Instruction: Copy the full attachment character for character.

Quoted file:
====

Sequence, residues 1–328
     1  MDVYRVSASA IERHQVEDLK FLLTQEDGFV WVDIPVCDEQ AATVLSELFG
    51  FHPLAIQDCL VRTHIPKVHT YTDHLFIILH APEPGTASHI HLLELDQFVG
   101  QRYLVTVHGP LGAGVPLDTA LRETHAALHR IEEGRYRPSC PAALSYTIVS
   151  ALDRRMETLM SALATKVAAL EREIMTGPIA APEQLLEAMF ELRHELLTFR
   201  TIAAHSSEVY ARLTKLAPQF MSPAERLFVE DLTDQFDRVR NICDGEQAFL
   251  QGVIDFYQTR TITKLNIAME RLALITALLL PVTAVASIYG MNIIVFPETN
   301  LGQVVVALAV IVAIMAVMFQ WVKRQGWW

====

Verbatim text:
Sequence, residues 1–328
     1  MDVYRVSASA IERHQVEDLK FLLTQEDGFV WVDIPVCDEQ AATVLSELFG
    51  FHPLAIQDCL VRTHIPKVHT YTDHLFIILH APEPGTASHI HLLELDQFVG
   101  QRYLVTVHGP LGAGVPLDTA LRETHAALHR IEEGRYRPSC PAALSYTIVS
   151  ALDRRMETLM SALATKVAAL EREIMTGPIA APEQLLEAMF ELRHELLTFR
   201  TIAAHSSEVY ARLTKLAPQF MSPAERLFVE DLTDQFDRVR NICDGEQAFL
   251  QGVIDFYQTR TITKLNIAME RLALITALLL PVTAVASIYG MNIIVFPETN
   301  LGQVVVALAV IVAIMAVMFQ WVKRQGWW